According to North Carolina state campaign finance reports 17 candidate contributions have been attributed to Judge Beecher “Gus” Gray since 2008, totaling $12,046 received by 5 candidates. If the reports are correct some would seem to represent violations of the NC Judicial Code of Conduct. Canon 7 of the Code prohibits judges from personally making financial contributions or loans to almost all individuals seeking election to office.
Beecher Reynolds Gray was appointed by Governor Pat McCrory as a Special Superior Court Judge in January 2014, prior to which he had served as an Administrative Law Judge for the Office of Administrative Hearings since 1986. He was sworn in 01/09/2014 for a term ending 01/09/2019. Six of the 17 contributions have been recorded since taking office. The six campaign contributions provided $1,000 to Pat McCrory, $2,650 to Brent Jackson, and $1,000 to Phil Berger Sr. (These six contributions are specifically covered by the Judicial Code of Conduct)*.
Since 2008 Beecher Gray appears to have given 17 campaign contributions totaling $5,046 to Pat McCrory, for Governor, $3,000 to Phil Berger Sr., for State Senate, $2,900 to Brent Jackson, for State Senate, $1,000 to Fred Smith, for Governor, and $100 to Todd Batchelor, for State House. An idiosyncrasy of the NC Judicial Code of Conduct is that complaints regarding violations of Canon 7 must be made within 90 days of the occurrence. Only the single most recent contribution of $1,000 to McCrory on 12/18/2015 would meet this requirement to trigger secret proceedings to consider the matter.
|10/03/2012||$1,000||Phil Berger Sr|
|11/21/2013||$1,000||Phil Berger Sr|
|10/02/2014||$1,000||Phil Berger Sr|
In 2006 Beecher Gray ran for Court of Appeals, though unsuccessful. During this period there was a lull in personal contributions recorded to other candidates. Until 2004 records indicate intermittent contributions to Democrats including Jim Hunt, Howard Lee, Aaron Plyler, Meg Scott Phipps, George Daniel, Tony Rand, Roy Cooper and Mike Easley.
One explanation for the attribution to a judge of prohibited candidate contributions is the use of checks from a joint checking account of a married judge with the names of both spouses printed on the check. A spouse’s contribution can accidentally be recorded as a contribution from the judge in the absence of other supporting information, which should include name, occupation, and employer. Records show that since 2008 Beecher Gray’s wife made six contributions in her own name compared to the 17 attributed to Beecher Gray himself during the same period.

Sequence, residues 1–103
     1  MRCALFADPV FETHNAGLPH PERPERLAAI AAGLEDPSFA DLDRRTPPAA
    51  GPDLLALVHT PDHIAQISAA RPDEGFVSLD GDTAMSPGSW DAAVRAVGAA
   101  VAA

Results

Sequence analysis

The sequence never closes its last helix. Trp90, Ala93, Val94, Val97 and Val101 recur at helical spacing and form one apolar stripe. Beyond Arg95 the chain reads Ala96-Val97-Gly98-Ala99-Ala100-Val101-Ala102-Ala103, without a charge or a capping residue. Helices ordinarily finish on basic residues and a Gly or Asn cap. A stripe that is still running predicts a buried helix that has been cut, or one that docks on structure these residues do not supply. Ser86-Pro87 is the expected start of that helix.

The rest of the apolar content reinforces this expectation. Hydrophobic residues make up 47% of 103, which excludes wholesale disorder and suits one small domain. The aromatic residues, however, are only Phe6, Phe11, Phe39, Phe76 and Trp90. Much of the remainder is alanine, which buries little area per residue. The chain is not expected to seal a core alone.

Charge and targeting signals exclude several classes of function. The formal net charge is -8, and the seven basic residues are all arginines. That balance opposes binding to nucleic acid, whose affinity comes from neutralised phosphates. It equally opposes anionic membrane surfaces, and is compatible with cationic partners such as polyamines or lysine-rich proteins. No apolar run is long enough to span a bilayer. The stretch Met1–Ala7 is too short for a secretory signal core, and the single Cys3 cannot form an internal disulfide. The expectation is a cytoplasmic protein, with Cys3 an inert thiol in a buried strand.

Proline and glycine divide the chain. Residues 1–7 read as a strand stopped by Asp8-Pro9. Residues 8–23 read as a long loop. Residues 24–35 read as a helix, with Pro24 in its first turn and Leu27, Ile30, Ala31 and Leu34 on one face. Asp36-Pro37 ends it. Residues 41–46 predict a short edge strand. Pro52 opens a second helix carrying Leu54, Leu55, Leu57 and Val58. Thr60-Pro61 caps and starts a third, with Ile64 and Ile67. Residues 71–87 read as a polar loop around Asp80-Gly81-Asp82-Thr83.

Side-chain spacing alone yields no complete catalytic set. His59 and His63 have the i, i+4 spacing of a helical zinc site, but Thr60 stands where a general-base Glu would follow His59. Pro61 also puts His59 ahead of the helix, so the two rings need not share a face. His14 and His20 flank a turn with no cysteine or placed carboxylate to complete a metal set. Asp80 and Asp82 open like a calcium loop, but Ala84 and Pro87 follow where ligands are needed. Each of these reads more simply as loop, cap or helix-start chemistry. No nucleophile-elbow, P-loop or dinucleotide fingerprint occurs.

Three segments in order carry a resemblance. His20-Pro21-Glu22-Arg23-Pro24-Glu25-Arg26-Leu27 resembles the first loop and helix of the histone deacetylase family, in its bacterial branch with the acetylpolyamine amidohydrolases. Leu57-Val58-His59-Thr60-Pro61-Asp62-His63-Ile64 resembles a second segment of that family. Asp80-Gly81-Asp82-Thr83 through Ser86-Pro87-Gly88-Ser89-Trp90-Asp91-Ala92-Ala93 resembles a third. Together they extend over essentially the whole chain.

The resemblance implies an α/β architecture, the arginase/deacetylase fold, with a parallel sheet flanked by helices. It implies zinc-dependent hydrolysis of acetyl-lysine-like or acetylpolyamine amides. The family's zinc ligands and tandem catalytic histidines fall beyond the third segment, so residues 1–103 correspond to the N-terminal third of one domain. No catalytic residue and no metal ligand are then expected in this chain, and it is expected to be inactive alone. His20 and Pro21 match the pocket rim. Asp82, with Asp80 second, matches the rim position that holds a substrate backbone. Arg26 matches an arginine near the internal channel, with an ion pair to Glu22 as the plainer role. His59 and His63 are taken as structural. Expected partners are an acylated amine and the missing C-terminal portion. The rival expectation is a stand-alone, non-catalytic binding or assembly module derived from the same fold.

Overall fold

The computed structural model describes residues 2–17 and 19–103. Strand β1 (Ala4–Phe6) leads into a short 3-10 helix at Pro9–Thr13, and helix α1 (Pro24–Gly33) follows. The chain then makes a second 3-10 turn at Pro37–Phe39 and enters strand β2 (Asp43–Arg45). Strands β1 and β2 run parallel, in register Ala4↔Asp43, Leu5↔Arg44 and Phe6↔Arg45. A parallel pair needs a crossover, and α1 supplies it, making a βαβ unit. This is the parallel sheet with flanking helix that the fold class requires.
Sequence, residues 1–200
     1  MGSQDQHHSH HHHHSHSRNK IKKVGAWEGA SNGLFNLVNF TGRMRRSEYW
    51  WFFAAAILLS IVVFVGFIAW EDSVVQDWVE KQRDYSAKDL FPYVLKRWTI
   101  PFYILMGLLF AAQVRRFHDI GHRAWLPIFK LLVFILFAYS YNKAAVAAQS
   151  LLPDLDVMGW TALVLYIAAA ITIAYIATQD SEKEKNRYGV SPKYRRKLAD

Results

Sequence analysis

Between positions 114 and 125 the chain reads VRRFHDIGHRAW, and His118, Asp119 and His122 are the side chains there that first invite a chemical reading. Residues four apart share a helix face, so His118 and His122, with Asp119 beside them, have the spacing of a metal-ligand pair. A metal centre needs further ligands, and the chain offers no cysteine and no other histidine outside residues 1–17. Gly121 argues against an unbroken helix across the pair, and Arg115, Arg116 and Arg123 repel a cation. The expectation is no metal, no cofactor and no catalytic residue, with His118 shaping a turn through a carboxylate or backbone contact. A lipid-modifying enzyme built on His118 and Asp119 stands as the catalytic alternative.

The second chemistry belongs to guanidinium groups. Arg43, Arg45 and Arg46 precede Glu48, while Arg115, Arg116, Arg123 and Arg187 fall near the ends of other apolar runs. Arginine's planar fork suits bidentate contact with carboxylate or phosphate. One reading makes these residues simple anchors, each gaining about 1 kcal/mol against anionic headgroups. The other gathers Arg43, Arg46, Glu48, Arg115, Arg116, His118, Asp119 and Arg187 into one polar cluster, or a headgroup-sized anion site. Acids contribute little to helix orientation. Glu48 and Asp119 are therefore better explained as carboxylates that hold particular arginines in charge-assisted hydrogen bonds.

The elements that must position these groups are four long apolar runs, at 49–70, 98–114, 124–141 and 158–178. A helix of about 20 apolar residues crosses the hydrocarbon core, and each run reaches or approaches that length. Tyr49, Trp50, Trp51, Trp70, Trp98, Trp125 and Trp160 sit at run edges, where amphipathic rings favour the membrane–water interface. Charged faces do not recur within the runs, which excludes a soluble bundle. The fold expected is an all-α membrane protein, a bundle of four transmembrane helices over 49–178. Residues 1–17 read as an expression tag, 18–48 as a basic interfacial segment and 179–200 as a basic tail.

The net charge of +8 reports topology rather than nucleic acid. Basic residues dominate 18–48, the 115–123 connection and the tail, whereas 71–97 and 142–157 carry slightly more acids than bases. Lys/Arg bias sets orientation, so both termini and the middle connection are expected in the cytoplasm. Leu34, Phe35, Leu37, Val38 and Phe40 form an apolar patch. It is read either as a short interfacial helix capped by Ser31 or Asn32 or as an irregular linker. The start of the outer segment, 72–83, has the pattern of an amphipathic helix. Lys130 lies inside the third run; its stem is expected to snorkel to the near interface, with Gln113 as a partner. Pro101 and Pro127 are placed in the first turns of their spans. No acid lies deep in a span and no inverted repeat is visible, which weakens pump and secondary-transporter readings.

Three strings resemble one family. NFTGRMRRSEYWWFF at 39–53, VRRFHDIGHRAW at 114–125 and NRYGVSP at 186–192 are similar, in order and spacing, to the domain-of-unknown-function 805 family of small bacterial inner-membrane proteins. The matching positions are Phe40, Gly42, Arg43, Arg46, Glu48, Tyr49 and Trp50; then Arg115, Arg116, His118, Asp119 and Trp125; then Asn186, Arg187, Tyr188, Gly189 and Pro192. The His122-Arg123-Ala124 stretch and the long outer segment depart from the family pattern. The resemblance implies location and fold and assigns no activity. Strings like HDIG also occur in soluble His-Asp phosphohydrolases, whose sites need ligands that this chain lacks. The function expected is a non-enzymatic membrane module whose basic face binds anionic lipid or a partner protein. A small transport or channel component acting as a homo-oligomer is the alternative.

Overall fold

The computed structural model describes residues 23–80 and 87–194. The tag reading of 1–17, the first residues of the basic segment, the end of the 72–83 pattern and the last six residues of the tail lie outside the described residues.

In 1985, the year before Gray became an Administrative Law Judge, the NC Supreme Court censured District Court Judge Paul Wright for making campaign contributions to Jim Hunt and Rufus Edmisten. The opinion In re Wright, 313 N.C. 495 (1985) is often cited in regarding the applicability of Canon 7 of the Judicial Code of Conduct.
“Contributions to the campaign committees of senatorial and gubernatorial candidates constituted conduct prejudicial to the administration of justice where respondent had been appointed to office by one of the candidates and where both candidates, if elected, would be in a position to appoint or recommend the appointment of judges. Members of the public could easily conclude that the contributions were a reward for a past judicial appointment as well as an expression of hope for a future one.”
*Update 9:38pm : Note that the Judicial Standards Commission is not authorized to consider complaints against administrative law judges. This post has been edited to reflect the distinction. The standard of conduct required for administrative law judges is decribed in GS 7A-754:
“The Chief Administrative Law Judge and the administrative law judges shall comply with the Model Code of Judicial Conduct for State Administrative Law Judges, as adopted by the National Conference of Administrative Law Judges, Judicial Division, American Bar Association, (revised August 1998), as amended from time to time”
A copy of the 1998 edition was not available at the time of posting. An earlier edition has a Canon 5 addressing political activity, however GS 7A-754 supplants Canon 5 with GS 126-13, a statute that governs political activity by state employees which contains no prohibition on candidate contributions or off-duty political activity.
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